About Carrie Harring

Carrie Harring accepted her first full-time position — advocating on behalf of New York State physicians before state lawmakers — the same week she received her bachelor’s degree from Russell Sage College.

“Right out of undergrad, I was given the chance to prove myself,” she said. “I took advantage of that and jumped in, asking questions along the way.” 

Just five years later and now with an MBA from Sage, she is a senior legislative associate at the government affairs firm Hodes & Landy, and one of the rising stars on City & State New York’s 40 Under 40 list of influencers in state politics.

Carrie’s work on high-profile issues like raising the legal tobacco purchasing age to 21, expanding access to vaccines, and developing policies to improve health care access, affordability, and outcomes helped her stand out for the recognition. 

Sage, she said, helped her see the possibilities for a career at the intersection of government and public health.

“My experience was probably similar to other students coming out of high school,” she said. “I liked health, biology. I assumed that meant I had to go into clinical practice.”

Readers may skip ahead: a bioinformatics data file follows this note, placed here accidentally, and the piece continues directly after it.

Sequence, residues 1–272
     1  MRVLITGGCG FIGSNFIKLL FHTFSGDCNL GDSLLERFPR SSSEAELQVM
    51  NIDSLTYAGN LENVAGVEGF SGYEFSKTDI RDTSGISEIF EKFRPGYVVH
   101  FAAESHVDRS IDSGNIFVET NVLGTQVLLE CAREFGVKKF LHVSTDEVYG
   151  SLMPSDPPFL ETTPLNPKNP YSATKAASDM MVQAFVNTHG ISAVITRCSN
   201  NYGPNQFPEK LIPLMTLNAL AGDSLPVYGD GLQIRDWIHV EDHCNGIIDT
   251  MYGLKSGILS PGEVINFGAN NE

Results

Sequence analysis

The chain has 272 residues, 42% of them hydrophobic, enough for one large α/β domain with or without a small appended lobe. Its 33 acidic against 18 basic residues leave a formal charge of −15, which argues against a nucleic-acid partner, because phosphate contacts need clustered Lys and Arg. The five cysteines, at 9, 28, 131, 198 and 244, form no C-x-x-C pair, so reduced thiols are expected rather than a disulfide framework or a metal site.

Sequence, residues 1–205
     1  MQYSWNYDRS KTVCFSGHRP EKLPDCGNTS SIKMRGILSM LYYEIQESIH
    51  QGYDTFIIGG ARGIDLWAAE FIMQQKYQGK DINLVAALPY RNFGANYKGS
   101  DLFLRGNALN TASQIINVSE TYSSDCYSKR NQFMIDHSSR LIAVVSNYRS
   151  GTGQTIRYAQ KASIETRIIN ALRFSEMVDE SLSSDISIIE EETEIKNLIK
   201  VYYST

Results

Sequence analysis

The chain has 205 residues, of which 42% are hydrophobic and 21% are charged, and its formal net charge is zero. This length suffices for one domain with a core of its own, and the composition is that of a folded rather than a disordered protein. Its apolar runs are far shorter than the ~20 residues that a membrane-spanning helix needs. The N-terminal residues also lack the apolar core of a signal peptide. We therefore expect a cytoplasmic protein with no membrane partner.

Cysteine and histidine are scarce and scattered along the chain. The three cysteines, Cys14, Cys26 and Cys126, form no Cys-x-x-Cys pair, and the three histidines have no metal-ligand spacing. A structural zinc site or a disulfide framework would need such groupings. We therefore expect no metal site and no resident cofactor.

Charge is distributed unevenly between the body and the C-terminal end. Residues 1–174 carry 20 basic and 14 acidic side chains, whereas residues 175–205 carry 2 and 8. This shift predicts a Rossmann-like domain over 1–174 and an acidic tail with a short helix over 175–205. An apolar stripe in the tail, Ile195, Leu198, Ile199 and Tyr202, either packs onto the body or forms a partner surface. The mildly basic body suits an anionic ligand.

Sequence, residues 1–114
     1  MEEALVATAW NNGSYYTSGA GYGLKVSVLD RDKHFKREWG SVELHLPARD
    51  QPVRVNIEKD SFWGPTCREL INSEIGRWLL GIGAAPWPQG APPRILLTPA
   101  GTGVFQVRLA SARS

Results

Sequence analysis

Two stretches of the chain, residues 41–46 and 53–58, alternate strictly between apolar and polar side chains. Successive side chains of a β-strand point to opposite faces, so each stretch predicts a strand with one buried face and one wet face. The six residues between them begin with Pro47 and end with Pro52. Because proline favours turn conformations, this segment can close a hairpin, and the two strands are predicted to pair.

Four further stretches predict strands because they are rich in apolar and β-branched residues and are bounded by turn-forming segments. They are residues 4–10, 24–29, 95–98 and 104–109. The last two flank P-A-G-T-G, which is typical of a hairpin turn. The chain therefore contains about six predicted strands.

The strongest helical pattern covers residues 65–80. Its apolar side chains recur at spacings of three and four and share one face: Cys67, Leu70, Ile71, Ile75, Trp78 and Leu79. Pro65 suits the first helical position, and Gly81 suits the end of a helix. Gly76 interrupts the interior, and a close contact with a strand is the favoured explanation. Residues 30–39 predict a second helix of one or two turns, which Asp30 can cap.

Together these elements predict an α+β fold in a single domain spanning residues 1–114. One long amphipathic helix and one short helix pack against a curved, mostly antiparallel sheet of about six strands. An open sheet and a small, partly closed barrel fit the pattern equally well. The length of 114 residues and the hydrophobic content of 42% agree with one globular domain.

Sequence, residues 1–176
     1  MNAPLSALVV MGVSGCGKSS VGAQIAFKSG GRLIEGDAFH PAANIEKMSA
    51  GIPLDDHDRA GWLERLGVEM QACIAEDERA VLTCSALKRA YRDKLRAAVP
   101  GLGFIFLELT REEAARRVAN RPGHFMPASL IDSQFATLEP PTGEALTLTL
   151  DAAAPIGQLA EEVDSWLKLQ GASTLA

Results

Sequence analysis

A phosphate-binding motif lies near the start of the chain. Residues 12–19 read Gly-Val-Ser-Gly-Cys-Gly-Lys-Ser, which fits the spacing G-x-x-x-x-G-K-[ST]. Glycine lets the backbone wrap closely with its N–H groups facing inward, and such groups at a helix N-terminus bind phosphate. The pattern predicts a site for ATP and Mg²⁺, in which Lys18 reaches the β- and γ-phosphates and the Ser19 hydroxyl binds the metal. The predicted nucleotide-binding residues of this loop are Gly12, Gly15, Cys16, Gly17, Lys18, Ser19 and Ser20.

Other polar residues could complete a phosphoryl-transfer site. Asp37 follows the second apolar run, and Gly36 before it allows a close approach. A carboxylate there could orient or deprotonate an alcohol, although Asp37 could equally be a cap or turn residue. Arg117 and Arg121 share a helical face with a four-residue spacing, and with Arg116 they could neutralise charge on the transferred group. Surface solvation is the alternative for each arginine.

She chose Sage for its Physical Therapy program, but a few semesters in, switched to Sage’s business program, where she studied health care administration. 

“I had great professors, great mentors,” she said. “In talking with them, I felt like I could take the guardrails off. I didn’t have to pick a defined career. I could follow my passions, do what I’m good at, and the cards will fall where they’re supposed to.”

When Carrie was ready to begin an MBA, she returned to Sage. 

“I was working full time. I needed a program that would fit my schedule,” she said. “And I knew, from having good relationships with the School of Management, that I could explain my career goals and then tailor the program to me.”

With her MBA complete, Carrie has her sights set on her next professional milestones: to get involved in business development at her firm, and to make partner.

She said she remembers scanning job postings after she switched majors as an undergrad, and seeing positions like the one she holds today advertised.

“Wait a minute, that’s it!” she thought back then.  

Carrie trusted that if she followed her interests as a Sage student, her career cards would fall where they are supposed to — and that is exactly what happened. 

“I love doing this,” she said.


“I had great professors, great mentors.”

Carrie Harring, MBA